What are the prudent practices of a professional who acts in your best interest?

You can find a list here.

current reality and goals

Lesson 2: Insist on a strategy

Demand a strategic approach to the overall management of your family’s assets, such as an investment policy statement.

It captures the objectives, tolerances, accountabilities, and processes for the management of your investments and can be shared with family members, planners, and other relevant parties to create alignment.

In trying times, such as turbulent markets when emotions run high, this document is invaluable.

It also ensures checks and balances are adhered to (making some of the shortcuts taken by Madoff and his team far less likely).

As an example, you can view our Investment Policy Statement here.

Lesson 3: Trust but verify

Once you’ve found a trusted financial planner, you need regular updates to support your decision.

A simple approach is to compare your results with that of the markets.

Of course, investment results won’t always be good.

But, with a globally diversified portfolio invested in the world’s greatest companies, you should expect superior performance over the long term.

You should clearly understand your portfolio’s returns and relate that performance to your planner’s strategy.

If you’re having trouble trusting your planner, take note.

Madoff was a crook and the aftermath of his lies was all the more painful for my profession, because many families thought he was credible.

Don’t be too trusting – always verify what you’re told.

Lesson 4: Be a proactive client

We’ve covered the investment policy statement and how this helps create context for your planner.

You should also clearly communicate your expectations of results, as well as be realistic about timeframes, risk and performance.

Don’t be afraid to be vulnerable and tell your planner when you don’t understand them.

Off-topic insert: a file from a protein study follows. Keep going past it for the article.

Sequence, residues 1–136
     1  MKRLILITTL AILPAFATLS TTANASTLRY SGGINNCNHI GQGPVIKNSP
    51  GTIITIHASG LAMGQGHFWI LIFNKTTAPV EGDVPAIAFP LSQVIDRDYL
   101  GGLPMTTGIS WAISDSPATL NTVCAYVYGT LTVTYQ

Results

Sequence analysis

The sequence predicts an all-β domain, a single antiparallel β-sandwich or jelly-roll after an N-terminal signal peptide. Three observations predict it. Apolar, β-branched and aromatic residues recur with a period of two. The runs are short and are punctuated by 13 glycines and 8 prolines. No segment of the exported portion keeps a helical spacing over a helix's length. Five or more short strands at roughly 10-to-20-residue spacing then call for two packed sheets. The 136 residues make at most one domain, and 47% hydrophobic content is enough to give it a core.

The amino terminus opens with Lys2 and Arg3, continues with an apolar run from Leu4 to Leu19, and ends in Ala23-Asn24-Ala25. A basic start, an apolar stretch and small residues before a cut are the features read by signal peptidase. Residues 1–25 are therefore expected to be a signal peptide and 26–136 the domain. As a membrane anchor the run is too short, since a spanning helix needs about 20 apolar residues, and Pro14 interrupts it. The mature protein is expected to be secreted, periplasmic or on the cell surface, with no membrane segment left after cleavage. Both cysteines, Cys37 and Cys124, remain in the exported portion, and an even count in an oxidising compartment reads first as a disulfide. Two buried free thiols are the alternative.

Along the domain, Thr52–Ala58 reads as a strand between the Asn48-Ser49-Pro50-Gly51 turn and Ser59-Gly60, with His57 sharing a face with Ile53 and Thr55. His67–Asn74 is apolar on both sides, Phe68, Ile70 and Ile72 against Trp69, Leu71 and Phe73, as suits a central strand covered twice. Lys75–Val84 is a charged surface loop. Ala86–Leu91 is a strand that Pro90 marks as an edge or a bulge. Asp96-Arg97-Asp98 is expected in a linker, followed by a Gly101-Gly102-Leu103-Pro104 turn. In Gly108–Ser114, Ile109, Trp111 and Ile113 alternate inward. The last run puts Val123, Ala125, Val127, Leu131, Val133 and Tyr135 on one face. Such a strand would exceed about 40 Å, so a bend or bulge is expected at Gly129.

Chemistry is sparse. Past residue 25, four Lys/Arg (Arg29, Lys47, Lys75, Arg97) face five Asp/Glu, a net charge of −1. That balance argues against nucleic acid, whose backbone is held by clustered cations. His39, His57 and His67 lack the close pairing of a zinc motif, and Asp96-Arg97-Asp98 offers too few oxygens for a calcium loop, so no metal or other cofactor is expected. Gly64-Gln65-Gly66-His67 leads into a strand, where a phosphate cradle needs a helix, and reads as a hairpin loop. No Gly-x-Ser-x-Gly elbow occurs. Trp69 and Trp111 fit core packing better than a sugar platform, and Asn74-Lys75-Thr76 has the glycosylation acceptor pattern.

Ignore the temptation to feel embarrassed or naïve.

Scrutinising details or asking questions should never offend a competent, fiduciary planner with high standards.

In fact, it’s their job to explain things to you in simple terms and they should appreciate your efforts to engage and understand their work and strategy.

Sometimes, your planner may not be able to answer your question right away.

(Wealth management has such enormous scope and complexity).

Your planner is human and “I don’t know” is a human response.

However, they should endeavour to find the answers to your questions and follow up accordingly.

Your planners have the technical expertise to help you meet your family’s objectives.

But relationships are a two-way street and you need to play an active role on this financial journey as well.

Questions for further reflection

1. Are you confident that your family’s assets are being looked after appropriately and your planners are fulfilling their professional obligations to you?
2. What other systems or documents are in place to guide your planners towards your objectives, constraints, and preferences?
3. When did you last hear something you didn’t understand? How would your planner have reacted if you had responded differently to what you heard?